People can now monitor the quality of the air they breathe in real time through their smartphones thanks to new portable pollution sensors developed by a team of computer scientists at University of California.
The sensors could be particularly useful to people suffering from chronic conditions, such as asthma, who need to avoid exposure to pollutants.
CitiSense is the only air-quality monitoring system capable of delivering real-time data to users' cell phones and home computers-at any time. Data from the sensors can also be used to estimate air quality throughout the area where the devices are deployed, providing information to everyone-not just those carrying sensors.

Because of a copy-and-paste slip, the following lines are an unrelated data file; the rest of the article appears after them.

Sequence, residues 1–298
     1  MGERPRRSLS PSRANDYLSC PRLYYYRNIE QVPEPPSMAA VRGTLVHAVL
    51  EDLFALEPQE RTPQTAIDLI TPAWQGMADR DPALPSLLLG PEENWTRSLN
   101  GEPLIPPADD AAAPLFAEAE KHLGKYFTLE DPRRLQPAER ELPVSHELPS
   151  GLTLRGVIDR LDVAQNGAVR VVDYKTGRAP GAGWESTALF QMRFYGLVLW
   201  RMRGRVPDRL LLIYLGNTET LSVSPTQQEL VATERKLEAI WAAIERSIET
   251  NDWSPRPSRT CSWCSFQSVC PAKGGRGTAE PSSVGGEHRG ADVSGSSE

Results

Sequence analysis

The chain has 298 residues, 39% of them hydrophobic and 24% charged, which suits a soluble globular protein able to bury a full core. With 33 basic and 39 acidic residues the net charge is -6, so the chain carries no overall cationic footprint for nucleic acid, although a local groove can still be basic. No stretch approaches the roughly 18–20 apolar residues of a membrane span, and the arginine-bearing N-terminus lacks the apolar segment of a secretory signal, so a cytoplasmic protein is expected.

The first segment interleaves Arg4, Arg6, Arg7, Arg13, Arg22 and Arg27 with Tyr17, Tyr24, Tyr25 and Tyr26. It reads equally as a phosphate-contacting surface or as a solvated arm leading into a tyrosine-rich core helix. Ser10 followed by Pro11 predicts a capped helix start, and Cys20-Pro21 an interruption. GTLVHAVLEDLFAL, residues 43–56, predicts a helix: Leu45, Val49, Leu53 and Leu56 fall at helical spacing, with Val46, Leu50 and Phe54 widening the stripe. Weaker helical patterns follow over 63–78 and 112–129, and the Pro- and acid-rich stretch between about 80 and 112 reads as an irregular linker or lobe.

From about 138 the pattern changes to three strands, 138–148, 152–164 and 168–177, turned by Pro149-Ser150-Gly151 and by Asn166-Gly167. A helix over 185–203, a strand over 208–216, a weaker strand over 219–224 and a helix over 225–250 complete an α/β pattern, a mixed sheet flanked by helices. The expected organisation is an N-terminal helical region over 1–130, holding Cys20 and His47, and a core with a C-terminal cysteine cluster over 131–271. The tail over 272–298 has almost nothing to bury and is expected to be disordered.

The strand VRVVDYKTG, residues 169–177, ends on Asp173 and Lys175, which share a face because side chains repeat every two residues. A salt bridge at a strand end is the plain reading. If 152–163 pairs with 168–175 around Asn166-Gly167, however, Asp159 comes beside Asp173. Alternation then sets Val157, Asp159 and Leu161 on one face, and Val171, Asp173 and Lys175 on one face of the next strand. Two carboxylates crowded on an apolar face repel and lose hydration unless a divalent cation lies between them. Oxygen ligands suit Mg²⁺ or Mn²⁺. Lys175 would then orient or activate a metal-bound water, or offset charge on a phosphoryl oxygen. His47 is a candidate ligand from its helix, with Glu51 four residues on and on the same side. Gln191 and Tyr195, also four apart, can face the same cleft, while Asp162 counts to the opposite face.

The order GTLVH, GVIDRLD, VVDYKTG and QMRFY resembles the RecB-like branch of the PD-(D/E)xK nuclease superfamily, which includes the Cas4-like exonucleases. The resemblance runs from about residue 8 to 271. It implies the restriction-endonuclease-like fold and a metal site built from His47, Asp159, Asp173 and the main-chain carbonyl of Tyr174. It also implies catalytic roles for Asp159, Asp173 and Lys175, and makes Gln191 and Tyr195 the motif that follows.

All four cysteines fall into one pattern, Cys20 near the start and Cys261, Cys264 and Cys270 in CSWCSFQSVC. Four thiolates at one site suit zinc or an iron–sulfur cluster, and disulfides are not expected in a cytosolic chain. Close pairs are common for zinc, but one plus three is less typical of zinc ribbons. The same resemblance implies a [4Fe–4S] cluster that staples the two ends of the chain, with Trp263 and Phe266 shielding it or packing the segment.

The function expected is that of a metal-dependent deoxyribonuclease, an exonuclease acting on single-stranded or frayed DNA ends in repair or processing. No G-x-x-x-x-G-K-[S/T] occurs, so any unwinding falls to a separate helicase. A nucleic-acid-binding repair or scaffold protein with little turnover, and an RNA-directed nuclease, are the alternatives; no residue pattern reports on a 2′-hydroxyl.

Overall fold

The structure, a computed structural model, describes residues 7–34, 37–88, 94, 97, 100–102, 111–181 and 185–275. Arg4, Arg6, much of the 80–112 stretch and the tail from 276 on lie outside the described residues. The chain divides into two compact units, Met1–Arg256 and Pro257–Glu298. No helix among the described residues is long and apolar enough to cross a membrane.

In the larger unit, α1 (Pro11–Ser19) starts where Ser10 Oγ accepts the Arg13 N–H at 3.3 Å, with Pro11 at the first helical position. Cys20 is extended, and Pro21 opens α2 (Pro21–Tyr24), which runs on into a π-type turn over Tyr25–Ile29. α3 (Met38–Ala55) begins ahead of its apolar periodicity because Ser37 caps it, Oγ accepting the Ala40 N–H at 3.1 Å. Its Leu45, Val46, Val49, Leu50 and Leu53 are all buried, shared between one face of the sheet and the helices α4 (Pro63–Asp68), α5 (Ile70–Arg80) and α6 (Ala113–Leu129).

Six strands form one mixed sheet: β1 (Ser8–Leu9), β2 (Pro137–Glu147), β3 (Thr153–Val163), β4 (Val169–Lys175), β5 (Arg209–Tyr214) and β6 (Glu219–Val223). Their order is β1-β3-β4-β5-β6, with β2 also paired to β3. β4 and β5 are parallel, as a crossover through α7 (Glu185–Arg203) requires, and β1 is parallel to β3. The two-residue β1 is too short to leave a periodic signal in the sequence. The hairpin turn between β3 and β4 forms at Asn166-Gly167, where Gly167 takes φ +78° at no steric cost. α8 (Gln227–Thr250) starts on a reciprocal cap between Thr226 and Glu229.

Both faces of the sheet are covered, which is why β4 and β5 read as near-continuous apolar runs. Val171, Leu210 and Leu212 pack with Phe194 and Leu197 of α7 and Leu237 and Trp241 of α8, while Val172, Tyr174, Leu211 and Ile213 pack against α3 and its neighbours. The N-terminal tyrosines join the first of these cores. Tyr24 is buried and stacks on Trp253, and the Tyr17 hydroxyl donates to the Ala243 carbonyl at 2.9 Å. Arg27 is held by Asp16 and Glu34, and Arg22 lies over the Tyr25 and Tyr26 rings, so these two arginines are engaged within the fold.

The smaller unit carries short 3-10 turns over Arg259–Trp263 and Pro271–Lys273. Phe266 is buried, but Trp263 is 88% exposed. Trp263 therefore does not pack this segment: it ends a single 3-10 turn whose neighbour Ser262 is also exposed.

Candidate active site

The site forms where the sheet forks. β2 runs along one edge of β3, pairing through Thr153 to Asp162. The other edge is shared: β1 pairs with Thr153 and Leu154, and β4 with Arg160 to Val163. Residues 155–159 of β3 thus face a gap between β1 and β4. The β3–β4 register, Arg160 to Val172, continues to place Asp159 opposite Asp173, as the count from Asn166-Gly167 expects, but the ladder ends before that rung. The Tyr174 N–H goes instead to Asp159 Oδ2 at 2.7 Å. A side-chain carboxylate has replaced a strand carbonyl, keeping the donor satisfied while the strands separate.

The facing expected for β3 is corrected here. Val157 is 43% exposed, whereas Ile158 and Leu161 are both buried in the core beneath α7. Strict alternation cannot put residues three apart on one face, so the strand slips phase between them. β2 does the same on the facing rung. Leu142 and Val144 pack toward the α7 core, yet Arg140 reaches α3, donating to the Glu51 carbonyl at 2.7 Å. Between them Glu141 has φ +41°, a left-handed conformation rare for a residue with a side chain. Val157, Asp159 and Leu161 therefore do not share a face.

"We want to get more data and better data, which we can provide to the public. We are making the invisible visible," said William Griswold, a computer science professor at the Jacobs School of Engineering at UC San Diego and the lead investigator on the project.
The CitiSense sensors detect ozone, nitrogen dioxide and carbon monoxide, the most common pollutants emitted by cars and trucks.
The user interface displays the sensor's readings on a smart phone by using a color-coded scale for air quality based on the EPA's air quality ratings, from green (good) to purple (hazardous).
In addition to principal investigator Griswold, the team includes School of Medicine and Calit2 professor Kevin Patrick; computer science professors Ingolf Krueger, Tajana Simunic Rosing, Hovav Shacham and Sanjoy Dasgupta; as well as graduate students and postdoctoral researchers Piero Zappi, Nima Nikzad, Elizabeth Bales, Celal Ziftci, Nichole Quick and Nakul Verma.